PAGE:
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All of my designs are open source in hopes of helping people with these issues and making life easier for people who are trying to do the right thing environmentally. I will be selling units at the end of the summer that are microcontroller controlled so they will be fully automated both at charging and discharging. I also plan on giving full multi-week E-classes on real-world off-grid systems which will include advanced electronics for building ultra efficient sine wave inverters (identacle to the Outback, Xantrex, Magnum, etc pure sine inverters), high frequency DC-DC converters (I.E. Flexmax 80 type of charge controllers), Tracking controllers, pulse recovery systems for “dead” off-grid batteries. Building heating systems such as concentrated solar heliostats and using Organic Rakine cycle (ORC) for driving turbines for power generation while heating and or cooling homes. Also there will be in depth information on water recycling through both aquaponics, solar steam distillation, and how to replace the base minerals and PH of water in such systems. If I have not built and used the technology here at our home, I won’t be going into it deeply in the classes. This is all hands on, practical, build it yourself type of information on fairly advanced and critical power systems used to keep a family totally self sufficient in all aspects of power, water and food.
Most of the above used to be tightly held trade secrets, but I have a feeling people may need this information and skills in the coming years to make it easier to deal with possible changes to our way of life.
In the meantime, the simplest way to build an electronic battery pulse recovery system is to use a 555 timer, or micro-controller. You need to set the PWM frequency at 30-60Hz and it will be driving a very low RDS-ON mosfet rated in the 75 Volt @ 100 ampere range (IRF 2805 is fine). The power supply can be anything in the 20-30VDC range, even a solar panel. The power is regulated by a high voltage regulator capable of 50VDC or so (which are now very common). You could also use an AC source at 120 VAC, then use a step down transformer to go from 120VAC to 30VAC, then rectify to DC and charge the cap directly from this source. The capacitor is sized at around 10,000 to 50,000Uf. Each pulsed to the gate of the mosfet releases an entire capacitor charge into the battery and thus “chips away” at hard sulfation layers on the battery plates, without heating or substantially boiling the electrolyte. The pulse width (duty cycle) only needs to be about 2 to 5 milliseconds in width as we are giving the battery a long rest period after each intense pulse from the capacitor discharge. This eliminates heating of the battery, and yet the voltage is low enough that is does not shed any lead from the plates. This really performs an equalization charge, but at a slower, and more controlled rate, and without damaging the battery in any way. The cables from the unit need to be in the 4 gauge or larger size in order to transfer maximum energy to the battery. High quality industrial battery cables can be used, or you can use fine stranded welding wire. There will be a small amount of inductive ringing in each pulse because of the cables, but not enough to worry about.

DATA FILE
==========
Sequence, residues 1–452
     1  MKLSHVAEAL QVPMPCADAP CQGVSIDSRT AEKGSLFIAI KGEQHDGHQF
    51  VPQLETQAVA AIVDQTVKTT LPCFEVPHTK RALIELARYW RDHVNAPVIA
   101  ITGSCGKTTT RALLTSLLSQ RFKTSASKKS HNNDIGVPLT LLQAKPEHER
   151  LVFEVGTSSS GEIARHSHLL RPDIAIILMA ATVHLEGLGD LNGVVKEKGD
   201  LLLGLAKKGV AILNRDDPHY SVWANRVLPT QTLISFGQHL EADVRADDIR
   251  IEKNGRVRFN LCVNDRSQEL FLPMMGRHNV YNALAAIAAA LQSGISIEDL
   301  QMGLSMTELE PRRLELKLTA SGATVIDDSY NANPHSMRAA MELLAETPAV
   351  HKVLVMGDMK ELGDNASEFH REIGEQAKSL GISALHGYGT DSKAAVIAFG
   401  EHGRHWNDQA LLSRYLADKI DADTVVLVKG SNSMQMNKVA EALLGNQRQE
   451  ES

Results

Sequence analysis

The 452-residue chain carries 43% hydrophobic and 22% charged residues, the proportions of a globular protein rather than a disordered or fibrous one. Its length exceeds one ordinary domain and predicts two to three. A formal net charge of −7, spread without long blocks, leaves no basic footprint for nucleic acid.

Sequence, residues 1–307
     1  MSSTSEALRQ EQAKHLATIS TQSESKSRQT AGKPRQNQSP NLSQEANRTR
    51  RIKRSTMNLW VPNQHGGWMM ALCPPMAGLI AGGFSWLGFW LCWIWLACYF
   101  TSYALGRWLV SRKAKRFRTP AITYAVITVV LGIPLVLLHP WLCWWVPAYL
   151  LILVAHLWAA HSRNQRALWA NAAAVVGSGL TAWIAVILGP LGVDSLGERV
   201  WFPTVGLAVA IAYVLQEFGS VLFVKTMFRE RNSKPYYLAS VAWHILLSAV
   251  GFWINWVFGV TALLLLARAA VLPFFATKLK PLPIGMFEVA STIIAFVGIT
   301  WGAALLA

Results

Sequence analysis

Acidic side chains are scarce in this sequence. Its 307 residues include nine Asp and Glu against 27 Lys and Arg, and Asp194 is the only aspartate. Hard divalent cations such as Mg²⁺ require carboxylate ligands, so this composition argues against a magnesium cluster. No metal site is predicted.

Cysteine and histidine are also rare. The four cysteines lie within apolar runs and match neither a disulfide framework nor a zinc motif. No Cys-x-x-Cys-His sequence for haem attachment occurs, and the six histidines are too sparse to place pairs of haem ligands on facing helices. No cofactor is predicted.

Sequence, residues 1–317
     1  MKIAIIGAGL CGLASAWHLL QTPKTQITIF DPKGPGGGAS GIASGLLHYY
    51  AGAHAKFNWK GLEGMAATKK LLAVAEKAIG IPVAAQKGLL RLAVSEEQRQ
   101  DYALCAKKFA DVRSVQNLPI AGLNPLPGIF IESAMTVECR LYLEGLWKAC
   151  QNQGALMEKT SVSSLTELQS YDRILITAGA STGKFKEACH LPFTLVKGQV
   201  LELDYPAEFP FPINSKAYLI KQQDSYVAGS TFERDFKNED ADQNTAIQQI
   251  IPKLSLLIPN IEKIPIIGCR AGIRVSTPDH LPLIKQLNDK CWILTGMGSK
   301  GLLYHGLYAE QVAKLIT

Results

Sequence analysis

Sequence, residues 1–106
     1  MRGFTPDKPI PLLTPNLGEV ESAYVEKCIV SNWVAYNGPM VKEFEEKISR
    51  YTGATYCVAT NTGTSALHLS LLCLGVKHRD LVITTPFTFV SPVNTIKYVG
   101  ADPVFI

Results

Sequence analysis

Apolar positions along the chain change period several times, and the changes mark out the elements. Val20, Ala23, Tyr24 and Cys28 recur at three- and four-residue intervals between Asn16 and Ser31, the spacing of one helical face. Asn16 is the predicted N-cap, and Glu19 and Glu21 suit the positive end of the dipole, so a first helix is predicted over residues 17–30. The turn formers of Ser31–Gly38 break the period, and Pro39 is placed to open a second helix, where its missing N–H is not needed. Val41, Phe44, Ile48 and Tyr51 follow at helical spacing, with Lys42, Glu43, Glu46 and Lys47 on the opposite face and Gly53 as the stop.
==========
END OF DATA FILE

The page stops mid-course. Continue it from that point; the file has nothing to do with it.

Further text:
The more advanced units I am building test the batteries internal resistance by sending a single pulse out, and then counting how long it takes for each pulse to be absorbed. Since we can use RC time constant, we know exactly what the internal resistance is. We can then tailor our frequency and duty cycle to that specific battery, even as it changes while charging. We also superimpose higher frequencies on top of the base waveform which greatly increases the speed of the recovery of the battery. We then log the internal resistance and other parameters to an SDcard in the form of a text file so we have a log of how bad the battery was when we started and what happened as we progressed through the process. This allows one to make a spread sheet with charts to see how the process went. It also allows for immediate revealing of shorted cells (mechanically damaged cells).
Once a full cycle is done and the battery is topped out at 15.5VDC, 32VDC, etc (equalization voltage), we then intentionally discharge the battery at a 20 hour rate down to 5 percent or less charge capacity, then we repeat the process. This eliminates the hard sulfation layers that other electronic methods cannot touch. Each full charge/discharge cycle that is performed typically recovers about 40 to 80 percent of the capacity of the battery. The first cycle can take anywhere from 2 days to over a week depending on how thick the sulfation layers are. But once at least 2 to 5 full cycles have been performed, the battery is at factory or better rating.
Anyone with basic electronics knowledge can build this unit for you.
Sorry for the long winded response = )